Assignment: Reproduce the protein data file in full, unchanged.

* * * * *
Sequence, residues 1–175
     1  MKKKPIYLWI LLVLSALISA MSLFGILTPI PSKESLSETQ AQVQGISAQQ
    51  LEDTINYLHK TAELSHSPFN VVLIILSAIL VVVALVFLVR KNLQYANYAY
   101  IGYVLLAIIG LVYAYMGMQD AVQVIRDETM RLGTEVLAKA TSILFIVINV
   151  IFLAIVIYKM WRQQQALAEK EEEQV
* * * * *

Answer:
Sequence, residues 1–175
     1  MKKKPIYLWI LLVLSALISA MSLFGILTPI PSKESLSETQ AQVQGISAQQ
    51  LEDTINYLHK TAELSHSPFN VVLIILSAIL VVVALVFLVR KNLQYANYAY
   101  IGYVLLAIIG LVYAYMGMQD AVQVIRDETM RLGTEVLAKA TSILFIVINV
   151  IFLAIVIYKM WRQQQALAEK EEEQV